* PAYING THE ONGOING EXPENSES OF ADMINISTERING THE ESTATE. The decedent's debts, taxes, and the operating expenses of the estate must be paid before probate closes. This might require that your personal representative sell or liquidate assets to raise the cash.

* DISTRIBUTE THE BALANCE OF THE ESTATE TO THE BENEFICIARIES. This typically requires preparing an inventory and an accounting and obtaining receipts to the be filed with the court.

As you can see, serving as a Personal Representative can be a big responsibility and is often a time-consuming burden. If you've been named as PR of someone's estate and have questions or need legal representation, give us a call at 253.858.5434 to set up an appointment today.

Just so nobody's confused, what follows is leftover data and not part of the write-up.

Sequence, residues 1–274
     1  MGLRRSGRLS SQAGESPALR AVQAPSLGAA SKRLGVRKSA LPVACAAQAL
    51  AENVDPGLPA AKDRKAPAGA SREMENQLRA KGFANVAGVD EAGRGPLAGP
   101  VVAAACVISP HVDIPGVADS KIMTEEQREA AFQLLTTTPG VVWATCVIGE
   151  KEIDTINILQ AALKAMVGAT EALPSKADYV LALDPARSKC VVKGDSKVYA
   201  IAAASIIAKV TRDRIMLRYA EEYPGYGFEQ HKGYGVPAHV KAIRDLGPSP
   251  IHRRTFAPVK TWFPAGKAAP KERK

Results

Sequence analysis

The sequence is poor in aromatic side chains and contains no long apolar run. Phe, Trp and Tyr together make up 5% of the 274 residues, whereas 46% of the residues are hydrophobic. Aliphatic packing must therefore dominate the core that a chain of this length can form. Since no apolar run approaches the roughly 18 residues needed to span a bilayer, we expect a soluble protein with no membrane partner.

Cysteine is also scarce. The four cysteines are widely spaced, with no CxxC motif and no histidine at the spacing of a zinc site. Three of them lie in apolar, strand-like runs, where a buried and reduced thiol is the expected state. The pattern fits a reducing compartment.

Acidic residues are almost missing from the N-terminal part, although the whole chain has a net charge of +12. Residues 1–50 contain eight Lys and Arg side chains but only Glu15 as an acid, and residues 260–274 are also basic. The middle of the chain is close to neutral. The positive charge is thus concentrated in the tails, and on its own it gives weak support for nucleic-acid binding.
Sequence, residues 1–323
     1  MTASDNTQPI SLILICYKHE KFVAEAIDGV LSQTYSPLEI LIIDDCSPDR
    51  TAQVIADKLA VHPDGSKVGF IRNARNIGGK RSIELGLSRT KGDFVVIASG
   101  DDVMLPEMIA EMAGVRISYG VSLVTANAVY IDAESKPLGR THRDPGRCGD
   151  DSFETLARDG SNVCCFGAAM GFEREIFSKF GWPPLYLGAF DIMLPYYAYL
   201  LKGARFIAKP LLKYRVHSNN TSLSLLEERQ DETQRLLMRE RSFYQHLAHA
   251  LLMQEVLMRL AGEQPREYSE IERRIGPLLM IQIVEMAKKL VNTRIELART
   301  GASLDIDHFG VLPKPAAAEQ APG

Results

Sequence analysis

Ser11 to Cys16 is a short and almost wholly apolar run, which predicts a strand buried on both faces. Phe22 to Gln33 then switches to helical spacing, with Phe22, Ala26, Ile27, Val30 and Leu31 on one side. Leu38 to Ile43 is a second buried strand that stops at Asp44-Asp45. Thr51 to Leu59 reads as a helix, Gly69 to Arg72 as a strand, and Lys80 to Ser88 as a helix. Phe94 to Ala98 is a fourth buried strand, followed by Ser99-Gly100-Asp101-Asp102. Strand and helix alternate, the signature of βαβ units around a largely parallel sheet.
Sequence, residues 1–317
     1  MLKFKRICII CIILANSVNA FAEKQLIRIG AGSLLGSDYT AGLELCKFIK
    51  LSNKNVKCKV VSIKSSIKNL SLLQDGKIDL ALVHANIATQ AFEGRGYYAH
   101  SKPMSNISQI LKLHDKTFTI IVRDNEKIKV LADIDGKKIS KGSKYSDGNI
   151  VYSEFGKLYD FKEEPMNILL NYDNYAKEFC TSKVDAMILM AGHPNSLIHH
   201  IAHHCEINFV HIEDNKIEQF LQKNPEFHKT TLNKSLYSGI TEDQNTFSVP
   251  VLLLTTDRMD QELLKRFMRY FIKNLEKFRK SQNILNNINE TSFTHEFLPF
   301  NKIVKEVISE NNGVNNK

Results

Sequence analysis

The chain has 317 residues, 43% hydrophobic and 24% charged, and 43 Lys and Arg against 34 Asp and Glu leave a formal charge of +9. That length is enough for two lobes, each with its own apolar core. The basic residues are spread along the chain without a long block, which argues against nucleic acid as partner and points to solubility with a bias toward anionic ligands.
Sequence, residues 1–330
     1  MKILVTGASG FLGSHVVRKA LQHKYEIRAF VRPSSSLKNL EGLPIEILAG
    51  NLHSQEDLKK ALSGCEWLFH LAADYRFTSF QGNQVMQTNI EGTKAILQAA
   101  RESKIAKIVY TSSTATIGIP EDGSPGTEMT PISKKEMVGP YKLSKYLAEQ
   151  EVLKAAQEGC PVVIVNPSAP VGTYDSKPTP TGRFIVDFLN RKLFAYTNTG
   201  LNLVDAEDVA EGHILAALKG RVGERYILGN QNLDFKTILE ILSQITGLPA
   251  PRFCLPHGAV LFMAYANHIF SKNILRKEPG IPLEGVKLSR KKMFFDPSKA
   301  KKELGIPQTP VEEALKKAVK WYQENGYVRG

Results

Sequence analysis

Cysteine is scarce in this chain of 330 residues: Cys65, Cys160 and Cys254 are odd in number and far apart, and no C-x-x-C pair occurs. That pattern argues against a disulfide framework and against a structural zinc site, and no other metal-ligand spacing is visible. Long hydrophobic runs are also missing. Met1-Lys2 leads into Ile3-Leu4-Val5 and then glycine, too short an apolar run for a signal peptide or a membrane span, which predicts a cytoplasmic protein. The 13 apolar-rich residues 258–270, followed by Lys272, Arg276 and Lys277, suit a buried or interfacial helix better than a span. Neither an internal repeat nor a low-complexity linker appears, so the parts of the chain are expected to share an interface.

Durable Powers of Attorney and Health Care Powers of Attorney for Your Kids Away at College

College is a time of great change for both parents and their kids. Kids are dealing with being on their own for the first time and parents may be on their own for the first time in a long while now that the kids are off to school.

Because people are so intimately involved with raising their children, it’s tempting to see them as just that—children. But in the eyes of the law, the apron strings get cut the minute they turn 18. Once they cross that threshold into adulthood, they are no longer under your agency when it comes to matters both big and small, particularly issues related to emergency health care. That’s why an open understanding with your child is key. You’ve got to communicate to them why you and they need to sign certain key documents together

There are three forms that parents and college students need to fill out. (Don’t worry if your student is already on campus and you haven’t filled these out yet. Just put it on your to-do list and get it done as soon as you can.)